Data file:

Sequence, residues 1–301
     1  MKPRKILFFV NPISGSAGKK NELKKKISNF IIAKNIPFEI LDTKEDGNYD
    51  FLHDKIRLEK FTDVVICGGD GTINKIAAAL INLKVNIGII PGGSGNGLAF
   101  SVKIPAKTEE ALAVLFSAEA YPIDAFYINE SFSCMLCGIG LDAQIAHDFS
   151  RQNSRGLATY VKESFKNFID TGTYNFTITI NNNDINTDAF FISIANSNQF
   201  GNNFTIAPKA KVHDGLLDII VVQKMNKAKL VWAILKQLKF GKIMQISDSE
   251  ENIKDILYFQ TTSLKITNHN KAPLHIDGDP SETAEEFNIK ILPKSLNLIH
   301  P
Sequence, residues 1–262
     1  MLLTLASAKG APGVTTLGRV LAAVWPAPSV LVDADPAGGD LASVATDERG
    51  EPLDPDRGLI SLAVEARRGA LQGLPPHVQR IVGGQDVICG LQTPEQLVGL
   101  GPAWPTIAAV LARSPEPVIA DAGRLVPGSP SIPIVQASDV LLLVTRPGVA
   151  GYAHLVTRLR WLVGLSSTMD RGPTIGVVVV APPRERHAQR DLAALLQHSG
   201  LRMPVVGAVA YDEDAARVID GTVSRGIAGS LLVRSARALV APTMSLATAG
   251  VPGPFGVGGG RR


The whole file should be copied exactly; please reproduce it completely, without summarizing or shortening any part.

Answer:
Sequence, residues 1–301
     1  MKPRKILFFV NPISGSAGKK NELKKKISNF IIAKNIPFEI LDTKEDGNYD
    51  FLHDKIRLEK FTDVVICGGD GTINKIAAAL INLKVNIGII PGGSGNGLAF
   101  SVKIPAKTEE ALAVLFSAEA YPIDAFYINE SFSCMLCGIG LDAQIAHDFS
   151  RQNSRGLATY VKESFKNFID TGTYNFTITI NNNDINTDAF FISIANSNQF
   201  GNNFTIAPKA KVHDGLLDII VVQKMNKAKL VWAILKQLKF GKIMQISDSE
   251  ENIKDILYFQ TTSLKITNHN KAPLHIDGDP SETAEEFNIK ILPKSLNLIH
   301  P
Sequence, residues 1–262
     1  MLLTLASAKG APGVTTLGRV LAAVWPAPSV LVDADPAGGD LASVATDERG
    51  EPLDPDRGLI SLAVEARRGA LQGLPPHVQR IVGGQDVICG LQTPEQLVGL
   101  GPAWPTIAAV LARSPEPVIA DAGRLVPGSP SIPIVQASDV LLLVTRPGVA
   151  GYAHLVTRLR WLVGLSSTMD RGPTIGVVVV APPRERHAQR DLAALLQHSG
   201  LRMPVVGAVA YDEDAARVID GTVSRGIAGS LLVRSARALV APTMSLATAG
   251  VPGPFGVGGG RR